A large proportion of this work consists of imagined conversations with parents or grandparents written by three Vietnamese-Senegalese descendants. The writers also appear in the video as narrators. The content is then acted out, interspersed with documentary video. By incorporating and performing the voices of people who had been involved in the events, the stories of the past come alive, weaving tangled histories that go beyond family history as reality, fiction, and the zone between them overlap.

The venue for this exhibition was Shipping Agent Takita House, who made their living as wholesalers operating cargo boats. Inside the building are exhibits relating to the history of inland cargo shipping. The kaisen boats that they used carried both passengers and cargo. They resonate with Nguyenʼs work, which addresses the complex histories produced when people migrate, and they link together the histories of Vietnam and Japan.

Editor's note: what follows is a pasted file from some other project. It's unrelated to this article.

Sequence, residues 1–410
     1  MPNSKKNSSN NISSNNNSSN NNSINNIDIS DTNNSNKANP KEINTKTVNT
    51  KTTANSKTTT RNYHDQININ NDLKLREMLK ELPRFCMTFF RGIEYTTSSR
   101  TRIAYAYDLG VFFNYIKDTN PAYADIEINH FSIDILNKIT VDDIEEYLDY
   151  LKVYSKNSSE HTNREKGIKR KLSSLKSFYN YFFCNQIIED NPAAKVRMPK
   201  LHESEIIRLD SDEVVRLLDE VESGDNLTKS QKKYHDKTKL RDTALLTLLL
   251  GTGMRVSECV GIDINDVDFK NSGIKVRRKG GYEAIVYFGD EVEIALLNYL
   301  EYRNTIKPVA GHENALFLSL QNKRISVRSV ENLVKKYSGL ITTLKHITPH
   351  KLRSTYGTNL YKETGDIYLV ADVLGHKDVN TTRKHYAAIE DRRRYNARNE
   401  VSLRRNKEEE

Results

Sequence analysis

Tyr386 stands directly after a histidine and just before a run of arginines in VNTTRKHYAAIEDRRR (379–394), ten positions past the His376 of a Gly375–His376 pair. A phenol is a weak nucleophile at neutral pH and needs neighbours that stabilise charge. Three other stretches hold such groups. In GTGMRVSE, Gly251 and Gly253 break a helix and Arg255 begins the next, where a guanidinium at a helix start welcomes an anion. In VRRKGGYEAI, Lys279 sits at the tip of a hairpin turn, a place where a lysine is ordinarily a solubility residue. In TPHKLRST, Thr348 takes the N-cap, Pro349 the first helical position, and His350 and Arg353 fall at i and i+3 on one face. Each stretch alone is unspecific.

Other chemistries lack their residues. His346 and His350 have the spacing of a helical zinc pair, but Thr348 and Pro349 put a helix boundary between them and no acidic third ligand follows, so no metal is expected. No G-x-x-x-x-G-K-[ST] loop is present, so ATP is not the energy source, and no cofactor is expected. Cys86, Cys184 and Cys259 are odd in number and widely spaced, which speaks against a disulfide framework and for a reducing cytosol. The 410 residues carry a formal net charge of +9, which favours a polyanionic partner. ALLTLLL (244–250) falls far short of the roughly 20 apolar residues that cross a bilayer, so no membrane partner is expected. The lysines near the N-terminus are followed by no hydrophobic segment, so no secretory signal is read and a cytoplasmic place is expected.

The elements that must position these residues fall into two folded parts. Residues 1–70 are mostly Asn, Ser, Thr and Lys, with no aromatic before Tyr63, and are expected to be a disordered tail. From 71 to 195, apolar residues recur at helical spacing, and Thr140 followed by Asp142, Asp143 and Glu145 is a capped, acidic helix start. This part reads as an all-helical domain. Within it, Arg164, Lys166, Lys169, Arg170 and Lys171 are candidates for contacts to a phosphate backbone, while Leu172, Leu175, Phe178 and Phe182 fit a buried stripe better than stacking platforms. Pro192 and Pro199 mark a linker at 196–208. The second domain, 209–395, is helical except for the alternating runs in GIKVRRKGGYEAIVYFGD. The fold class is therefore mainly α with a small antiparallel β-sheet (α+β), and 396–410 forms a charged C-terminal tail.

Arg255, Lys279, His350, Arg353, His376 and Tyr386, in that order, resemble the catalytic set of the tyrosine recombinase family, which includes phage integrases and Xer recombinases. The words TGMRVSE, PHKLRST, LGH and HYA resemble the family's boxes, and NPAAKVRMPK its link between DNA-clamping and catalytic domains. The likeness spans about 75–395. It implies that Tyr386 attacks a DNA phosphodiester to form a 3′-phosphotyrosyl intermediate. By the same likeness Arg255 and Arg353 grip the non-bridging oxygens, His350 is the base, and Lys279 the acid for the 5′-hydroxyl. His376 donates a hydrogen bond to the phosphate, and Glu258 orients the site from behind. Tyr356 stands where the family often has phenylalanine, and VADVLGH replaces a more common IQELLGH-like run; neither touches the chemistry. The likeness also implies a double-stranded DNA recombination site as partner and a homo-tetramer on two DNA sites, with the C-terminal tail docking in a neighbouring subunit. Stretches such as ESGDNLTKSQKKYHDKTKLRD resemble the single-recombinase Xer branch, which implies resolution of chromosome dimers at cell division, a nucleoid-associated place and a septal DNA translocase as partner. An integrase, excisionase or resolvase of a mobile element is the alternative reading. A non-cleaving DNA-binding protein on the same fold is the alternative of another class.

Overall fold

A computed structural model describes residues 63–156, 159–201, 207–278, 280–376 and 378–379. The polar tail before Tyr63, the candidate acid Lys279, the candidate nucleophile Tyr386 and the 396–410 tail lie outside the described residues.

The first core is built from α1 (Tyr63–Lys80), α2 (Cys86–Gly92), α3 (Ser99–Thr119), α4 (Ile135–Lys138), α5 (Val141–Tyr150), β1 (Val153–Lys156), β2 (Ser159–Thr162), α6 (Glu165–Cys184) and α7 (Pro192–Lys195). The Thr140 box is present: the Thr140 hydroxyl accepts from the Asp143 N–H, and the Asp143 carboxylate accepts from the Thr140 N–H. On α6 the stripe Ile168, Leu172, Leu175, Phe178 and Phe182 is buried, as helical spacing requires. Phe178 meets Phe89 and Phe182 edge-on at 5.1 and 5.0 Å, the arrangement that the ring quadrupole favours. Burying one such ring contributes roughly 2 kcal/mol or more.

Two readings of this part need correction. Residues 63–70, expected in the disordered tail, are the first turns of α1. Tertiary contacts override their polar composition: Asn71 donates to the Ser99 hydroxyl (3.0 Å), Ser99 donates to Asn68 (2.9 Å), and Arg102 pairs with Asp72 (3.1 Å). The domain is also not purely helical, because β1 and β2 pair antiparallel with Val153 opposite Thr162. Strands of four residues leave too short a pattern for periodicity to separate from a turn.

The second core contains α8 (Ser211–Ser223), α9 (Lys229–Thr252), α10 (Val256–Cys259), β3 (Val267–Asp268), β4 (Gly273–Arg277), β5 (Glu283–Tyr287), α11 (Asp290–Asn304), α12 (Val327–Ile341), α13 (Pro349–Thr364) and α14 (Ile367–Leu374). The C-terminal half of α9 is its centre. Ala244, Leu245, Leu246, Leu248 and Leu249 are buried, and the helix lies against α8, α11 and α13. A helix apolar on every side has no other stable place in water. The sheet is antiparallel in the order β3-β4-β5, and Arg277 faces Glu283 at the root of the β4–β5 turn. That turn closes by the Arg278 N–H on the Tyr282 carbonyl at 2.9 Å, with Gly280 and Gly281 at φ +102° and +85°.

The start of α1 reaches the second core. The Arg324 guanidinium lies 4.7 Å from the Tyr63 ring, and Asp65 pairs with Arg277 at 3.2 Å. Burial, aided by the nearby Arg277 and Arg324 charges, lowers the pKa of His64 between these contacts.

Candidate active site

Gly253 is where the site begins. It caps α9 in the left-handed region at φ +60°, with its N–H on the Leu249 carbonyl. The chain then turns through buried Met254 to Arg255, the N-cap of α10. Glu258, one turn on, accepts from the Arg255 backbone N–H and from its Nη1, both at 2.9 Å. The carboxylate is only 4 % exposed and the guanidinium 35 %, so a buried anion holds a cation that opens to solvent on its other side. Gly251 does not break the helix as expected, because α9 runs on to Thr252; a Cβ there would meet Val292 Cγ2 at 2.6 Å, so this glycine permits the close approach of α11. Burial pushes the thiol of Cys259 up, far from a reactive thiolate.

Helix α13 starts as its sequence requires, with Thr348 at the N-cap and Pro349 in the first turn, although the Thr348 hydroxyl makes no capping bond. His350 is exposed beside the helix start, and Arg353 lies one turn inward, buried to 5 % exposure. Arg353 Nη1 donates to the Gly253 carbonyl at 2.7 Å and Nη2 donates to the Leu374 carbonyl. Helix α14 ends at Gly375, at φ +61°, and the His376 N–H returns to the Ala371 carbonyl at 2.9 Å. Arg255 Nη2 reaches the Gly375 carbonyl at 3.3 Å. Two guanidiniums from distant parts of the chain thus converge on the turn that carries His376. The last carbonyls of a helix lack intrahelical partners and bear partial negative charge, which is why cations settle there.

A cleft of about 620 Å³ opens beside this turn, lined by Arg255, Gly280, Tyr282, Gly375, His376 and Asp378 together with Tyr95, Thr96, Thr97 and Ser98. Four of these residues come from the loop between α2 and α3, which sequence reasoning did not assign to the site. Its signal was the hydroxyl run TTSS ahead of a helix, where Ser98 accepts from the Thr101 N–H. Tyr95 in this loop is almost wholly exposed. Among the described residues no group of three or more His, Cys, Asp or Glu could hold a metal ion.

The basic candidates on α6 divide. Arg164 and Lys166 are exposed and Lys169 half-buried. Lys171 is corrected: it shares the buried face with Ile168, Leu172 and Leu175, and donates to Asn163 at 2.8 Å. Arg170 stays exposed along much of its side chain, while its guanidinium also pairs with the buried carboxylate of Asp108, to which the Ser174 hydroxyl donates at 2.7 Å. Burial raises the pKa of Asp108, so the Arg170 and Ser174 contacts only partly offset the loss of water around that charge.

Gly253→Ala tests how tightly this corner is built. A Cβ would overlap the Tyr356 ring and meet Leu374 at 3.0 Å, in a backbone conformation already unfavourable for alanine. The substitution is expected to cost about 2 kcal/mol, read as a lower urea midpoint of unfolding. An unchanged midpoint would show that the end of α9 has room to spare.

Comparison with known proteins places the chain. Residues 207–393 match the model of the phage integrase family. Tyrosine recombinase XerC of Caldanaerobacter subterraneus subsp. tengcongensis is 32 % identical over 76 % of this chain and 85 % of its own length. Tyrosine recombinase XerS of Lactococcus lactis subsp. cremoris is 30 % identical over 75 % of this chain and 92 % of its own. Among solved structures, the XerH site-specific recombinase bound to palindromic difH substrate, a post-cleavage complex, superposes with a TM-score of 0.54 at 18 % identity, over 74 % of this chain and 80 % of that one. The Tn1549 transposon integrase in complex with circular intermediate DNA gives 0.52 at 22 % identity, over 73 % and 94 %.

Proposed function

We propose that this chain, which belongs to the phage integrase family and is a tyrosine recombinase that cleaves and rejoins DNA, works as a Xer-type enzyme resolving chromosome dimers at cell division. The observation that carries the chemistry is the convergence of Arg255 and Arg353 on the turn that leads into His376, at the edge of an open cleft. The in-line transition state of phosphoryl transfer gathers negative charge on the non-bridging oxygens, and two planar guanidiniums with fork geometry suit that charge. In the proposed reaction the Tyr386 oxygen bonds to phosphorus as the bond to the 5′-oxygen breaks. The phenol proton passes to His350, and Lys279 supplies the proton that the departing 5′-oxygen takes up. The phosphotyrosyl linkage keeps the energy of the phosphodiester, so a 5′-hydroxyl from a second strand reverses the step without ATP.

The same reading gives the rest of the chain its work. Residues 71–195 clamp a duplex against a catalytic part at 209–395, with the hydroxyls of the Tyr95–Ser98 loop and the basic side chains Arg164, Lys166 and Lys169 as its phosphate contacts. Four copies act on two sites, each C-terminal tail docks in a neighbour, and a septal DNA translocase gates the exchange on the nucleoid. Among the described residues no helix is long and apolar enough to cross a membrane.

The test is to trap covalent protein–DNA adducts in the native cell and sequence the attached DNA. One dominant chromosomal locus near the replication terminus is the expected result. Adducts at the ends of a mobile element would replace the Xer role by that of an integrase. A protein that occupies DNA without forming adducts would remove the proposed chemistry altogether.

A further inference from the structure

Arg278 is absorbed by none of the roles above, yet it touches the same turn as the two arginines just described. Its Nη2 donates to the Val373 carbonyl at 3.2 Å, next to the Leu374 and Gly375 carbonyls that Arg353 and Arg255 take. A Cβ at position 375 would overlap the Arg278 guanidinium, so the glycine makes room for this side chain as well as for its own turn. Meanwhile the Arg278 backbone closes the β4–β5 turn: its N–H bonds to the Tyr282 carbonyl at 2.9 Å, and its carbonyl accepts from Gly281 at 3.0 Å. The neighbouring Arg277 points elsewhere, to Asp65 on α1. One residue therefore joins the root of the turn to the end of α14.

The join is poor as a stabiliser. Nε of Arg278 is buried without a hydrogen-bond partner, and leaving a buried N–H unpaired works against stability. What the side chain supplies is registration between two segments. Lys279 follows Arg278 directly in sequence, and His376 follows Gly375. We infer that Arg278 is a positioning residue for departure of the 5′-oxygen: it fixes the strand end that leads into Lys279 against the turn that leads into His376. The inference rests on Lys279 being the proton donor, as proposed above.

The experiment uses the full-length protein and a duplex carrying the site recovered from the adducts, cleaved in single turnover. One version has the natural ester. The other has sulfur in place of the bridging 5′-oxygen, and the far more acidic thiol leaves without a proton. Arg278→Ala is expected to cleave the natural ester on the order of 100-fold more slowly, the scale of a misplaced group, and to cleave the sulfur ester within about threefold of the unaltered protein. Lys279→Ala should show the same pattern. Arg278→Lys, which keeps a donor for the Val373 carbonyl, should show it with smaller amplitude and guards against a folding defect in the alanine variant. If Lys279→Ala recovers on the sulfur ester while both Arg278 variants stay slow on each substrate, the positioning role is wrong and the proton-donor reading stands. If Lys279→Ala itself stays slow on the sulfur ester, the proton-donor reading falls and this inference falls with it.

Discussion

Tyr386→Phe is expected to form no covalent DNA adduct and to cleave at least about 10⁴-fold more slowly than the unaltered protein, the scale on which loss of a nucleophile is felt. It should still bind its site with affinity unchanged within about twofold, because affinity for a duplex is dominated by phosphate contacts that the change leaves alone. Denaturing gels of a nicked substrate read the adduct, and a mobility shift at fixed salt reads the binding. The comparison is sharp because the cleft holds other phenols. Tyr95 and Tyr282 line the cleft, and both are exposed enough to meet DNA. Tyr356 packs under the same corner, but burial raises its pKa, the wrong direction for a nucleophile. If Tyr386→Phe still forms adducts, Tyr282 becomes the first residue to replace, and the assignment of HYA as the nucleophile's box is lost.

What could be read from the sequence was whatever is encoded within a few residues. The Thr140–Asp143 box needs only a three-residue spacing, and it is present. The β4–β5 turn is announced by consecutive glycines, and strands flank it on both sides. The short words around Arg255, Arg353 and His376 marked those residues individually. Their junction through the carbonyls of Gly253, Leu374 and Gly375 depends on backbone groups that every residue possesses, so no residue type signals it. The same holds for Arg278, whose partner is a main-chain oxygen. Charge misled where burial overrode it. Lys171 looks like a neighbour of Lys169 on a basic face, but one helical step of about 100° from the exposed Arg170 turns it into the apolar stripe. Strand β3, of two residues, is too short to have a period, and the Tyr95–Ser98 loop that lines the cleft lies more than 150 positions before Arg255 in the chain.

Nguyenʼs practice focuses particularly on video installations and sculptural objects created on the basis of field research in local history and through collaborations with people who were part of that history. He received a BFA from the University of California, Irvine in 1999 and an MFA from The California Institute of the Arts in 2004.

The video for this work was shot in Senegal and presented at the Sharjah Biennial (2019; UAE). Nguyen has also participated in other recent major international festivals, biennials, and exhibitions including Manifesta 13 (2020; Marseilles, France); SOFT POWER, SFMOMA (2019; San Francisco, USA); and the 2017 Whitney Biennial (New York, USA). Presentations in Japan have included Yokohama Triennale 2017 in collaboration with the Propeller Group, a collective that he founded.